Missing Pieces Part 2: Domenico Natale, from Caporciano, AQ

Domenico, aged 19, conscripted into the Italian army. Taken at Foggia, 1943.


A story about loss, poverty, war and forging a happy new life in Australia whilst continuing to love and appreciate the old in Abruzzo. Bettina a member of our Life in Abruzzo Facebook group, tells us about her father Domenico Natale, from Caporciano, AQ.


In 1943, aged 19, Domenico was conscripted into the Italian Army and was shipped off to Greece. Two troop carriers full of young Italians set out. One was torpedoed at night, with all on board lost. My father, on the surviving ship, made it to Greece just as Italy capitulated and changed sides. He and his fellow soldiers were taken prisoner by the Germans and sent to the island of Rhodes (Rodi). There they were brutally treated and left to starve, without warm clothes. Domenico was cold and hungry, and he rummaged in refuse bins to find discarded cabbage leaves to eat. Word came that the British Army was liberating Greece and the Italian soldiers grew excited, only to find that the British still regarded them as enemy aliens and treated them no better than the Germans.

Finally, with the help of a local girl named Katia, Domenico escaped from the POW camp and somehow managed to get back to Italy. He made the almost 400 km journey from Bari to Caporciano on foot. When he reached Piedi la Terra, at the foot of the Caporciano hill, some local boys recognised the thin and drawn ex-POW and went haring ahead up to the top of Via Stretta to the top.  Here his widowed mother, Maddalena, who had believed her son to be dead, was roused by excited cries of ‘Mimmino è venù!’, and burst into tears of joy at the return of her boy. He was one of the lucky ones, though the experience affected him deeply for the rest of his life.

The house in Via Stretta (ca. 1965)

 

Caporciano, AQ,

The medieval town of Caporciano today

The medieval town of Caporciano today

Domenico left Italy for Australia in 1952, where he forged a successful life and raised five children.  He bought Maddalena, his mother to live with us in Australia in 1965 for the last ten years of her life.  She had advanced arthritis and needed to be looked after.  She had been widowed in 1925 when my father was two and his brother four. Life had been hard for her trying to raise the boys on her own. My grandfather had gone to the USA to work before his marriage and had been able to buy a house and some land in Caporciano, so at least she wasn’t totally destitute. My grandfather, Nazzareno, died tragically young after a second attempt to go and make money in America.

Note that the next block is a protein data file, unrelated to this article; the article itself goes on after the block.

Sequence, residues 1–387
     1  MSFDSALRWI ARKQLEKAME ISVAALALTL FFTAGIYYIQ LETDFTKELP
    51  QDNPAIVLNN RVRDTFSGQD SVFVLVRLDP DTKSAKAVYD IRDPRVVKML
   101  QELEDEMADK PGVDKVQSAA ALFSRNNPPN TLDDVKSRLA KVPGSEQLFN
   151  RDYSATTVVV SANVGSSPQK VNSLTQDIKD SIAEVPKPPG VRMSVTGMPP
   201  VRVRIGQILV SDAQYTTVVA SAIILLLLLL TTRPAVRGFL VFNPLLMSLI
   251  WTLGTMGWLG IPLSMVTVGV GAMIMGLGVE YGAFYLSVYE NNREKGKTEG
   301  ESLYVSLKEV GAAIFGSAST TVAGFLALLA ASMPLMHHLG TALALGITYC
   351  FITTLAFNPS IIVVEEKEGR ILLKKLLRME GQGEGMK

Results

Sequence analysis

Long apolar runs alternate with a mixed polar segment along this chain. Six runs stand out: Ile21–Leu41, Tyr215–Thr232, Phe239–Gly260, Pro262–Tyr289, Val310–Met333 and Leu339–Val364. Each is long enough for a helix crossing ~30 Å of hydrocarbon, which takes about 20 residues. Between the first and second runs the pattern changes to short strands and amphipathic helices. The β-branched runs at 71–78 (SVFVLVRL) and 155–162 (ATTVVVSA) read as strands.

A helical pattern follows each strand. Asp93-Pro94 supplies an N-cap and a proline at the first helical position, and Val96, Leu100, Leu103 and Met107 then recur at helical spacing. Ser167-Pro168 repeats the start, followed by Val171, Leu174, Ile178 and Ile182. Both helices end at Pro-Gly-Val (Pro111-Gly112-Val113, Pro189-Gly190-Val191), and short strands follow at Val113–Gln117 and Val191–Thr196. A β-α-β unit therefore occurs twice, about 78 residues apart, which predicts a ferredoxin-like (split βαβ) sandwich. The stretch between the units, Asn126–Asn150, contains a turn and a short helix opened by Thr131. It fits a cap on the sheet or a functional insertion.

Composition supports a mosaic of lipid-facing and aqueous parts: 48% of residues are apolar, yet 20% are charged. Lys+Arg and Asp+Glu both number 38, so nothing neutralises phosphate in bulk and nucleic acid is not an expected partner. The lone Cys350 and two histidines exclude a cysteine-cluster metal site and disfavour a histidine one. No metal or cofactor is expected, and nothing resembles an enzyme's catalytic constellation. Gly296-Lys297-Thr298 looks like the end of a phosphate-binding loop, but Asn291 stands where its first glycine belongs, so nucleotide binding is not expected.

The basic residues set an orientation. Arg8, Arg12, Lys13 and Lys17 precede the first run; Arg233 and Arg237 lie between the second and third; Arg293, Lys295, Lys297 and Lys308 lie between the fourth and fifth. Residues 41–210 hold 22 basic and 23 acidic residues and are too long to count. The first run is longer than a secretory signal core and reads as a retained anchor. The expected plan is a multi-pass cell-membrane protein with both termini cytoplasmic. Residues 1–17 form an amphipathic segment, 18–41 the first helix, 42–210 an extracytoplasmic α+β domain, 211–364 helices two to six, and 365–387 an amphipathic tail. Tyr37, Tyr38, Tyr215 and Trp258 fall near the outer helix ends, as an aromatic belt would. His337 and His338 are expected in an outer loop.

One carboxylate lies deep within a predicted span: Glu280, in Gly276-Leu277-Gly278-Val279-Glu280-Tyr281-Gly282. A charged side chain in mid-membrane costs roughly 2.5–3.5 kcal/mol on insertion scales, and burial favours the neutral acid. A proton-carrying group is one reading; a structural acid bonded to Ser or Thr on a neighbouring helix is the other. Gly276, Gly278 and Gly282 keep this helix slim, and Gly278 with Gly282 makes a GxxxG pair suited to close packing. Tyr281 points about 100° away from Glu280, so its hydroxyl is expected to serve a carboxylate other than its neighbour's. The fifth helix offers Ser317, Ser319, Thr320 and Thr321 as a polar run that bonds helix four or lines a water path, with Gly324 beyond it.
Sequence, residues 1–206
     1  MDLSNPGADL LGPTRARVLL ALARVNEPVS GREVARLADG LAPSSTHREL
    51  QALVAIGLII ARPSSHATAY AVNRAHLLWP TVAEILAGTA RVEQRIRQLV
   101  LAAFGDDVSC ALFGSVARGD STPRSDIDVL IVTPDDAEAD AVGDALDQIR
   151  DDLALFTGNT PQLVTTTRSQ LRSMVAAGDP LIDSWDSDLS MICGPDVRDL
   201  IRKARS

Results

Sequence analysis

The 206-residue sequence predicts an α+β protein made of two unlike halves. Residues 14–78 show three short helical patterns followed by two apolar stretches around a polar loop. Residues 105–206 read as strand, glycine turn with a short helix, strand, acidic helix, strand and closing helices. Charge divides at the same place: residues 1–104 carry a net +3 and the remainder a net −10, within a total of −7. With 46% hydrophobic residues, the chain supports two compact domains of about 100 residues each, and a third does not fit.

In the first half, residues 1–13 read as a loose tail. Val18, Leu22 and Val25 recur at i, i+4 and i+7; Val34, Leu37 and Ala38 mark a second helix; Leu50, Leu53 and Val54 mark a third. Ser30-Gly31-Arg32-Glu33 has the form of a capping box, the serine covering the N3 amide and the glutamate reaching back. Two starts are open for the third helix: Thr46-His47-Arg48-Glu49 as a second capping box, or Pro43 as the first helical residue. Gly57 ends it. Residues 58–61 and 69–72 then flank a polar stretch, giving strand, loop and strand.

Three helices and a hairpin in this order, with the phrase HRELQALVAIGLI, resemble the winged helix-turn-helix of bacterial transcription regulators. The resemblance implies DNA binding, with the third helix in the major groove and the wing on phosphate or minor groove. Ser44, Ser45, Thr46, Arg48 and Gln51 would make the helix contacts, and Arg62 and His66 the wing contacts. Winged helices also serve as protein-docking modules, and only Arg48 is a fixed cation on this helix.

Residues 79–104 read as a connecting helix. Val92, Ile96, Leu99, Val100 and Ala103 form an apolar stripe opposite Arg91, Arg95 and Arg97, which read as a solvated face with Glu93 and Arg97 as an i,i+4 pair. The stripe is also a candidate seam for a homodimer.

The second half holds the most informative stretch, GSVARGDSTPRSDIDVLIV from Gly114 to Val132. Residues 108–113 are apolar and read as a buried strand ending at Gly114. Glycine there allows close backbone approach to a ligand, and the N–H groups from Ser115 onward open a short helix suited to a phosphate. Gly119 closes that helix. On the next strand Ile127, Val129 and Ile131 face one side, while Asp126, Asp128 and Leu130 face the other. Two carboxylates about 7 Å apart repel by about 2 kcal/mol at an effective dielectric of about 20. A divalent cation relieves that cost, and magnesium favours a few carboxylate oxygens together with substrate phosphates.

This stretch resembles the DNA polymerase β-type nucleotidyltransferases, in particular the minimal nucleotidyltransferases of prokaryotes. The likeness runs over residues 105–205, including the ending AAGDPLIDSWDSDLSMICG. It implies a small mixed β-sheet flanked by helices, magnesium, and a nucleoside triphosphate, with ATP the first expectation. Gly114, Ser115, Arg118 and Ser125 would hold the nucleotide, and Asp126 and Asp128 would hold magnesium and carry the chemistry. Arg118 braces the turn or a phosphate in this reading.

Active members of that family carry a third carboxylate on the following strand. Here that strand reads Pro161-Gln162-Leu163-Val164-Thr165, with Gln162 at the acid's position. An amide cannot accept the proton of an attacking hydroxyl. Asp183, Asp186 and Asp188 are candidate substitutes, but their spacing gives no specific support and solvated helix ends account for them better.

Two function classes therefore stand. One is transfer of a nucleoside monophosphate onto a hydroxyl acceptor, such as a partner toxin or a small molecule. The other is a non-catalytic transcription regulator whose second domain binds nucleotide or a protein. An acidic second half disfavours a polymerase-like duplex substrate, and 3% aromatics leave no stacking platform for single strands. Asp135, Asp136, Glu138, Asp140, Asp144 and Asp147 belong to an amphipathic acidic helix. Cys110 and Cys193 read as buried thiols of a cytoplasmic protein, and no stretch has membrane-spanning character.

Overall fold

Here is Domenico in his new suit, in 1954 age 31, in the ‘New World’.  Like so many others, he’d made the journey to Australia on the Sitmar Line, and another photo taken of him towards the end of his life. He died in 2016.

The amazing thing for me is how much of Abruzzo my father carried within him, and how much he passed that on to me. He always felt a strong pull back there, and he was never happier than when he was back in his childhood home.  He made 6 journeys back to Abruzzo throughout his life, accompanied by his wife and children, my first visit to the region was aged 4 months!

Lest we forget all the young lives senselessly lost, on all sides, in the futile cause of war. 🥀

 

 

 

Bettina Soderbaum
Author: Bettina Soderbaum

Bettina is the daughter of Domenico, who was born amid the winter snows on Christmas Day 1923 in Caporciano, and the granddaughter of Nazzareno, who went to ‘La Merica’ and made his fortune in New York before coming back to Caporciano to marry Maddalena from Navelli. Bettina lives in Canberra, Australia, but Abruzzo is in her blood and always in her heart.


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